By Alexandra Ulmer and Corina Pons
Venezuela's opposition has slammed a state of emergency decreed by President Nicolas Maduro and vowed to press home efforts to remove the leftist leader this year amid a grim economic crisis.
Mr Maduro on Friday night declared a 60-day state of emergency due to what he called plots from Venezuela and the United States to subvert him. He did not provide specifics.
The measure shows Mr Maduro is panicking as a push for a recall referendum against him gains traction with tired, frustrated Venezuelans, opposition leaders said during a protest in Caracas.
"We're talking about a desperate president who is putting himself on the margin of legality and constitutionality," said Democratic Unity coalition leader Jesus Torrealba, adding Mr Maduro was losing support within his own bloc.
"If this state of emergency is issued without consulting the National Assembly, we would technically be talking about a self-coup," he said as hundreds of supporters waved Venezuelan flags and placards reading "Recall referendum now!"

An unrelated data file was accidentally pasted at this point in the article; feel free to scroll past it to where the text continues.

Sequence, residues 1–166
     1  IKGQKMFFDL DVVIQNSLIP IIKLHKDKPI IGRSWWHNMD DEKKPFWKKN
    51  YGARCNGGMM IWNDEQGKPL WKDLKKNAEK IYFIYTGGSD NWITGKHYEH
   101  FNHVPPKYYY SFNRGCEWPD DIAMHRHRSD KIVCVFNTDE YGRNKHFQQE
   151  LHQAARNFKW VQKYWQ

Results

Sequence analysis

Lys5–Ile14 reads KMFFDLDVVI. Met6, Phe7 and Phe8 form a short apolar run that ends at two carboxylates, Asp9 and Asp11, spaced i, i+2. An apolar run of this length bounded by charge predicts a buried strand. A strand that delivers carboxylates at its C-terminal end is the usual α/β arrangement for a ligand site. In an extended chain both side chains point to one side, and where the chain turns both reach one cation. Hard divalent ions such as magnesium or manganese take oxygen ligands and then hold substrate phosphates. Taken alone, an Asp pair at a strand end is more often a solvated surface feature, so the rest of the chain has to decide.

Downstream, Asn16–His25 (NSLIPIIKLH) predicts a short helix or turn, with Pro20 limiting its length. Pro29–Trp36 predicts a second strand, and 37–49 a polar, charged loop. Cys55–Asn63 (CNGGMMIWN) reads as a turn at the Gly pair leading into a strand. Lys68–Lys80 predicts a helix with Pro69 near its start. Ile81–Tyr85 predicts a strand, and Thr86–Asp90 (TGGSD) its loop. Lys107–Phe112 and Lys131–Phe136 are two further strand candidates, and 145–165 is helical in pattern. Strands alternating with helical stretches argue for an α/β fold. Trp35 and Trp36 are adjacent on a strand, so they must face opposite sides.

The opposition won control of the National Assembly in a December election, propelled by voter anger over shortages of food and medicines, raging inflation that has annihilated salaries, and rampant violent crime.
But Venezuela's Supreme Court has routinely backed Mr Maduro in disputes with the legislature, depriving it of much sway.
As lootings and power cuts increase, a key poll shows nearly 70 percent of Venezuelans now say Mr Maduro must go this year.
Mr Maduro has vowed to see his term through, however, blasting opposition politicians as coup-mongering elitists seeking to emulate the impeachment of fellow leftist Dilma Rousseff in Brazil.
"There will be a social explosion if Maduro doesn't let the recall referendum happen," said protester Marisol Dos Santos, 34, an office worker at a supermarket where she says some 800 people queue up daily.